We all know that too much sugar is bad for us, but sometimes we can’t help but over-indulge. And for most of us, that comes in the form of chocolate. A post-lunch pick-me-up, or maybe a snack on the commute home, it’s surprising how much we can consume without realising.
But what would happen if we cut it out completely and went cold-turkey? We recently spoke with Dr Luke James from Bupa UK who did exactly that. Here’s what he learned when he tried to tame his sweet tooth…
Changing your eating habits is incredibly hard
Many of us are creatures of habit, so making one simple change like cutting out chocolate, becomes a challenge. This is because habits become automatic, learned behaviours that start to feel normal and part of our everyday routine. I found myself regularly munching my way through two family-sized bags of treats in between seeing patients. And after looking at the pile of empty wrappers, I realised it was time to teach myself to resist and curb my addiction.
Chocolate can give you a ‘gratification spike’
Both our stomach and brain are tuned into reacting after we eat sugary treats. Studies have shown that when you eat chocolate, certain parts of your brain activate and release a ‘gratification spike’. And this can happen almost instantly too. You may start to feel satisfaction after eating even just a few bites. Even thinking about chocolate can have the same effect!
But it’s no different to any other habit that’s bad for you
We do need to be careful though because studies have shown that eating chocolate can produce a similar reaction to more addictive substances, like tobacco and morphine. It can cause the release of certain neurotransmitters which our brain and body get used to.
The first three days were the worst…
I was starving, moody and irritable. I certainly wasn’t the best company to be around! And I began to notice how much I was relying on chocolate as an everyday pick-me-up. In the end, I used protein shakes and bars to help take the edge off. These contained a small amount of carbohydrates that helped me get through the first few days of my challenge.
After the first 10 days I lost my ‘sweet tooth’ desire
I no longer had the urge to grab a chocolate pick-me-up, or even grab the biscuit tin when I got home! I felt like I was making progress and finally began to feel the benefits.
I needed to go cold-turkey to succeed
Many of us give up on our diets quickly because we don’t realise how much we’re relying on something. If you completely remove that substance, you can begin to see the effect it has on you. Going cold-turkey helped kick start my journey to being healthier and consuming less sugar. I struggled for the first three days, but gradually started to feel better as the week went on.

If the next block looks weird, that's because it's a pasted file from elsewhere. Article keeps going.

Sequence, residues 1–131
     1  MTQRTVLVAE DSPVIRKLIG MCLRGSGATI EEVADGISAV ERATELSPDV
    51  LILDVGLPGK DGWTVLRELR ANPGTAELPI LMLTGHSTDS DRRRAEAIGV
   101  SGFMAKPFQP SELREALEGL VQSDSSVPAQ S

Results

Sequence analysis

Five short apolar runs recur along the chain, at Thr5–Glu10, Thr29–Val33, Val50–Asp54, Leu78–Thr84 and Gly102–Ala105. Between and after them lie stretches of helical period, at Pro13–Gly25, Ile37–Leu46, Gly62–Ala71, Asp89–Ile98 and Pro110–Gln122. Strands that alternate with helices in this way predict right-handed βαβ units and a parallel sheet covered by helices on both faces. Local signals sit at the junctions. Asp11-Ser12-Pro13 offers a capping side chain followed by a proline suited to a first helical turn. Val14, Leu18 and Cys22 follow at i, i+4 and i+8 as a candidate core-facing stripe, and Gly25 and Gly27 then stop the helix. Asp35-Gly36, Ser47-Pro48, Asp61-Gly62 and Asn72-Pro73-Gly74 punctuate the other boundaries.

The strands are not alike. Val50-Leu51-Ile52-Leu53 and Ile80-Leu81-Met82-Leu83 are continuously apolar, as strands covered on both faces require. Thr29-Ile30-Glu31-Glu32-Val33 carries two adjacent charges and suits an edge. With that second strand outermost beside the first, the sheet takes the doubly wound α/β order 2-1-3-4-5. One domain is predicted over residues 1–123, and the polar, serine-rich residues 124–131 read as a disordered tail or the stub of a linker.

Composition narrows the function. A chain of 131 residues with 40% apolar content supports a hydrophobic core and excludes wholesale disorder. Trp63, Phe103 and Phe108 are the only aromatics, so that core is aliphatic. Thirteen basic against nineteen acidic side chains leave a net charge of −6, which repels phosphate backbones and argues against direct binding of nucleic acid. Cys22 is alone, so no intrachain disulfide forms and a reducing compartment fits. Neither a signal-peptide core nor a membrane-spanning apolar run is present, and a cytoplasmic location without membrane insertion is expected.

It’s OK to fluctuate
Whilst you’re trying to find balance, it’s alright to have good and bad days. I recently went on holiday and treated myself to pastries, chocolate and alcohol. The week after I cut out all of these things and tried to follow a diet that was low in carbohydrates. We need to get comfortable with fluctuating occasionally. Some weeks will be better, and that’s alright.
Remember to treat yourself, but within reason
It’s alright to reward yourself now and again. One way to do this is to ‘cycle your carbs’, starting with Monday and ending on Friday. In this time you should try to eat low carbohydrates, eat more protein and lay off the alcohol. On Fridays and Saturdays you can take your foot off the pedal and treat yourself. It will vary from person to person, but I’ve found this works best for me.
I’m not alone
Most of us at some point will feel like we’d like to change something about our lifestyle. Perhaps it’s reducing your alcohol intake, or going to the gym more. For me it was all about trying to wean myself off chocolate. It’s important to remember that we are all in a similar position. I found that talking about my challenge with friends and family helped to keep me motivated.
Chocolate is great, but best enjoyed in moderation
Chocolate, in small amounts, can even be good for us. Studies have found that dark chocolate can be beneficial for our health; with some showing it can lower blood pressure. But we need to remember that chocolate isn’t good for us when we eat too much of it. It’s all about having the right amount of control and knowing when enough is enough. It’s easier said than done, though!
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